It is an aspect of the invention to dispense with any ridge-pole, as extending fore-to-aft and tying together all the beam-to-beam arches (eg., 14). Among other reasons for this, some pontoon boats (unlike the one illustrated by U.S. Pat. No. 6,260,505) lack a readily accessible back rail. That is, the back rail of the boat shown in
Another advantage of the invention pertains more particularly to the configuration of the bracket 30. For background, the pontoon boat shown in
In consequence, the obstructions of the Bimini's canvas or the tower's legs eliminate those sections of top hand rail (eg., 26) that they obstruct as candidate places for the bracket of U.S. Pat. No. 6,260,505—Polidan. But if the brackets could be squeezed in place, the Bimini top's tower's legs do not allow clearance for the legs of the A-framed rafters. It is no solution to fix Polidan's brackets not to the hand rail (eg., 26) but to the legs of the tower. The tower's legs are not suitable places to attach brackets, especially if the pontoon boat is going to be trailered down the highway with the cover system in place. The tower's legs are too weak for that service, unlike that top (hand or side) rail 26 along the beam of pontoon boats 16.
The inventive bracket assembly 30 in accordance with the invention accommodates obstructions like Bimini tower legs by situating all its structure taller than the top rail 26 to a spaced position laterally away therefrom, including without limitation on the inboard side as shown.
The ridgepole-less pontoon boat cover system 10 in accordance with the invention is preferably marketed to the end-user/retail consumer as a kit of components that assemble together to make several brackets 30 (wherein
With general reference to
The cantilevered stake portion 46 projects inwardly as well as upwardly, and is outfitted with a set of conveniences comprising a bulbous head 52 (eg., a mushroom-style cap as shown in the drawings) and a bushing 56.
The U-base 34 is a channel comprising a web flanked by an inboard arm 60 and outboard arm 62. Both arms 60 and 62 are sized to provide excess upper portions which project higher than the top surface of the top (hand or side) rail 26. The outboard arm 62's upper excess portion is formed with an outboard-arm hole 64, as the inboard arm 60's upper excess portion is formed with a corresponding inboard-arm hole 66. One of the two arms 60 and 62 of the U-base 34 (eg., it is the inboard arm 60 as shown in the drawings) has its upper excess portion furthermore formed with a saddle 68 for purposes to be more particularly described below.
The zig-zag pin 32's latching mid-span 44 is nested (or seated, or “latched”) in the saddle 68 of the U-base 34 to provide positional stability for it in the front to back direction. The locking collar 36 is allowed to slide down, and around, the U-base 34's saddle 68 in order to retain the zig-zag pin 32 from unseating out (eg, which corresponds to shifting out on the inboard side as shown in the drawings).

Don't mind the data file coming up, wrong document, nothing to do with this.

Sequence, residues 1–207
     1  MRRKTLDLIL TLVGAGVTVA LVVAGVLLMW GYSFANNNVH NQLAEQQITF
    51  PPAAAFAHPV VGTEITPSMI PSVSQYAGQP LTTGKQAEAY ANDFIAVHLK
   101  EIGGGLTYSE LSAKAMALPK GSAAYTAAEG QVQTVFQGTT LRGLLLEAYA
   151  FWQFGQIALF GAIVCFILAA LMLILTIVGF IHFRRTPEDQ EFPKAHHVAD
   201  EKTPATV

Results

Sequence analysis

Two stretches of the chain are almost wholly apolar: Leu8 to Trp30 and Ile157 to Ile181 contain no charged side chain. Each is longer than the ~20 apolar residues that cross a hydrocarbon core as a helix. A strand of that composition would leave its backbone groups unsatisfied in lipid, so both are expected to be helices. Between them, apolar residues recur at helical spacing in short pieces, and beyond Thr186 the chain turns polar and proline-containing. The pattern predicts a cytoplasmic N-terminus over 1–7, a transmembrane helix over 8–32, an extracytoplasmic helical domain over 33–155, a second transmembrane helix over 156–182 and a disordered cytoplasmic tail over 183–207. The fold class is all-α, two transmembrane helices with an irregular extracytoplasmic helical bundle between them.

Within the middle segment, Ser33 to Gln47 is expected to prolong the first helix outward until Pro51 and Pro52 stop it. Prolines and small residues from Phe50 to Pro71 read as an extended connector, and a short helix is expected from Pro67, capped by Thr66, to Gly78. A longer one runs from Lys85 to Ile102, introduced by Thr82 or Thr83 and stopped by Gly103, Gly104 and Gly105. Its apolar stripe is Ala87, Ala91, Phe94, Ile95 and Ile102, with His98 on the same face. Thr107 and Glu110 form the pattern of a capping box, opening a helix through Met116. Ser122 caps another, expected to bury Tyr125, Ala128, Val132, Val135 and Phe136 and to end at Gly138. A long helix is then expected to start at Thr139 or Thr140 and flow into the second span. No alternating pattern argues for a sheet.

Hence, the plastic busing 56 is free to slide on the cantilevered stake portion 46 but it will normally come to rest at the bottom. The busing 56's outer diameter is sized to correspond closely to the pole 24's inner diameter for a close fit therebetween. Given the foregoing, once the inventive pontoon boat cover system 10 is customized to size for a specific boat, users can thereafter take down and put back up the arches 14 with much less fuss.
That is, the pole 24's inherent property of wanting to straighten out probably supplies sufficient pressure on the zig-zag pin 34's latching mid-span 44 to not unseat from the U-base 34's saddle 68. Also, the seating (or “latching”) of the zig-zag pin 32's mid-span 44 in the U-base 34's saddle 68 further prevents the zig-zag pin 32's (lower) axle portion 42 from rotating in the U-base 34's through holes 34 and 66. It is an aspect of the invention that the flexion of the poles 24 force a twist on the engagement of the U-bases 34 with the boat 16's top rail 26. The zig-zag pin 32's (lower) axle portion 42 is rocked a little (not clearly perceptible in
So for a new owner of the ridgepole-less, pontoon boat cover system 10, there is one-time-only job to undertake with the first use the system 10 which comprises customizing the length of the poles 24. Preferably a user starts with pipe stock that is longer than needed. To begin, the user sticks one end of the pipe on one bracket 30 then flexes the pipe to the desired degree of arch and measures where the pipe should be trimmed (this is not shown). Then the user relaxes the compression on the flexed pipe in order to trim it to size (eg., as with a hand saw or loppers). The cut-off end piece can be discarded. Given the foregoing, the user has produced one pole 24. The user sticks one end of the pole 24 on one bracket 30, flexes the pole 24 in an exaggerated arch in order to stick its opposite end on the other bracket 30. The result is completion of one arch 14, which comprises the trimmed-to-size pole 24 as flexed and staked between two opposed bracket assemblies 30.
Wherein the poles 24 have been generally referred to as PVC pipe, this has been done so merely for convenience of this written description and in no way limits the invention to PVC material or tubeforms in particular, as users ordinarily skilled in the art would readily appreciate a wide array of suitable equivalents.
The invention having been disclosed in connection with the foregoing variations and examples, additional variations will now be apparent to persons skilled in the art. The invention is not intended to be limited to the variations specifically mentioned, and accordingly reference should be made to the appended claims rather than the foregoing discussion of preferred examples, to assess the scope of the invention in which exclusive rights are claimed.